Look at me! Gaining Attention and Engagement Online.

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There is no question that research into the interaction and activity of social media users has revealed valuable information regarding an individual’s attention span while on the web. Taking this information into account has been an extremely valuable practice for many social media platforms, as they now have a frame of reference for keeping their users active and engaged with the content being presented on their sites.

Where’s My Attention?

The ability to garner attention on a social media post, or some other content that one creates, is no easy task in the current online landscape. For any one interest there are hundreds, if not thousands, of other creators and content providers that may be presenting something similar to what someone may be trying to promote. Luckily, due to the nature of social media, content creators have numerous tools at their disposal to attempt to boost the attention that their posts receive. One metric to evaluate how much attention a post receives takes into account how many people repost, comment on, or decide to follow the creator (Ruiz, Aiello & Jaimes, 2014). It is reasonable to assume that if these three activities are not taking place on or as a result of a certain post, then that post is not gaining much attention. Evaluating content in this way should allow the creator to adjust and adapt to what their prospective audience seems to be more interested in, which in turn would likely help their future posts gain much more attention. Another way in which social media may be able to keep more attention is through appealing visuals. In a study conducted on the attention held by application icons, researchers were able to pinpoint specific icon styles and compositions that were able to hold the users attention better than less appealing icons (Lin, Hsieh & Wu, 2016). It follows that when content is presented in a visually appealing way, more people are likely to pay attention to it. Social media users may also be able to capitalize on trends in order to gain more attention on their posts and in turn reach more people, due to the way that many social media platforms promote popular topics (Lahuerta-Otero & Cordero-Gutierrez, 2016). A common example of this would be large companies incorporating a popular meme into an advertisement to gain easy likes.

Let’s Get (and stay) Engaged!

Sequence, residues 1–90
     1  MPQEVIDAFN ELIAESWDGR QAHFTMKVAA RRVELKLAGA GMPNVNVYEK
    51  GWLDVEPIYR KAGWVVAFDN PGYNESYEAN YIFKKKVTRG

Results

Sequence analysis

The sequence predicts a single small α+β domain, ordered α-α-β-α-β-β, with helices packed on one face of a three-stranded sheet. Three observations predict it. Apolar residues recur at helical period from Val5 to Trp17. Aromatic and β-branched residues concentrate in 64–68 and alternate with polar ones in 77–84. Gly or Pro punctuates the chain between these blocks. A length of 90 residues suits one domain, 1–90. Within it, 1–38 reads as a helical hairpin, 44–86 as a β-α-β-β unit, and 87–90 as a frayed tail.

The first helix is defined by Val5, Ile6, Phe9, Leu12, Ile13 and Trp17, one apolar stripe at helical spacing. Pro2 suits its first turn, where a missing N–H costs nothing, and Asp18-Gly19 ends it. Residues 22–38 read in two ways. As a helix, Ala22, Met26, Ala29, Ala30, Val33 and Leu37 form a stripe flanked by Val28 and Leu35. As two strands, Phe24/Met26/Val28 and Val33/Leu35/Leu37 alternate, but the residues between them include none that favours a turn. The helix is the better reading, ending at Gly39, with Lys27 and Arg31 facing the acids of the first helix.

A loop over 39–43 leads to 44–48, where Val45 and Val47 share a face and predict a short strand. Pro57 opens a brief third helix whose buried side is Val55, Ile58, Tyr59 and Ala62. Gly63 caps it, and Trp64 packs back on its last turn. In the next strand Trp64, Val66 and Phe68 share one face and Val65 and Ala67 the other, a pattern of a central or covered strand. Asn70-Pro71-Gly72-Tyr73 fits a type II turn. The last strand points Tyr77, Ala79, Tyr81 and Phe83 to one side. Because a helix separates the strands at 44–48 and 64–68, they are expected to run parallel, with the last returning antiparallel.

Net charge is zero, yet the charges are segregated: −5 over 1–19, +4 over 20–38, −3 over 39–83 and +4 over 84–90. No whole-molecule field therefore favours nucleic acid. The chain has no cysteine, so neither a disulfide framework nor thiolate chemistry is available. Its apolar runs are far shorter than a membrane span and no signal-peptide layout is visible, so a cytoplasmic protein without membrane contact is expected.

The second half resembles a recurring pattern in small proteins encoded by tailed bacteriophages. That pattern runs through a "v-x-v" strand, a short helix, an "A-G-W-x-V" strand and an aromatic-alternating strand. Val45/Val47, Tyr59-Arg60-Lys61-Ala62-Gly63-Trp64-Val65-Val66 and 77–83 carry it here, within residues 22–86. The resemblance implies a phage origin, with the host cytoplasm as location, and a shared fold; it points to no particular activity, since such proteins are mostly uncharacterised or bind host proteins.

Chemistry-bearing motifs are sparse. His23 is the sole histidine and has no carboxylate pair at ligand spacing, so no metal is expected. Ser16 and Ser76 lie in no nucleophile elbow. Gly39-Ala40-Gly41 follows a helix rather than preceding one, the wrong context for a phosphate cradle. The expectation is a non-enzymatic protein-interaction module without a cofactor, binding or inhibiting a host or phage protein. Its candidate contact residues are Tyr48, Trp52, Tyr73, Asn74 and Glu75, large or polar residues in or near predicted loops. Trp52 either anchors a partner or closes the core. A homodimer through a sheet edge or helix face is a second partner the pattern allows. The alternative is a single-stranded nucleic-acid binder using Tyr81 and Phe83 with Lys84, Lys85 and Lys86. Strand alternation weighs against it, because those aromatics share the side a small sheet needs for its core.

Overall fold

Securing engagement on social media refers to a poster’s ability to foster discussion, interaction, and community with other users (Lin, Hsieh & Wu, 2016). Social media platforms have sought to make engagement and interaction a cornerstone of their business since their inception. When more people engage on a particular platform, more people are available to advertise to, and possibly even add to a company’s follower base. In order to secure engagement from other users on their content, creators may employ a variety of strategies. One way to create more engagement is by engaging with others. According to some researchers, one of the things that makes an influencer is their ability to interconnect on a large scale with other influencers and average users (Lahuerta-Otero & Cordero-Gutierrez, 2016). One need only look at twitter users like Lil B or Barack Obama to see that engagement is indeed a reciprocal practice. The more you engage, the more you get engaged with. Another way in which creators can get users to be more engaged is through interactive content. It has been shown in some studies that young users will even engage in content they don’t particularly have an interest in more often if it is interactive (Peacock & Leavitt, 2016). How ever a user decides to use social media, if the content they post is informative, fun, interesting, or piques an interest in a large number of users then it is almost certain that the content will be engaged with.


Lahuerta-Otero, E., & Cordero-Gutierrez, R. (2016). Looking for the perfect tweet: The use of data mining techniques to find influencers on Twitter. Computers in Human Behavior, 64, 575–583.

Lin, H., Hsieh, Y., & Wu, F. (2016). A study on the relationships between different presentation modes of graphical icons and users’ attention. Computers in Human Behavior, 63, 218–228.

Peacock, C., & Leavitt, P. (2016). Engaging young people: Deliberative preferences in discussions about news and politics. Social Media + Society, 2(1), 1–11.

Ruiz, C. V., Aiello, L. M., & Jaimes, A. (2014). Modeling dynamics of attention in social media with user efficiency. EPJ Data Science, 3(1), 1–12.

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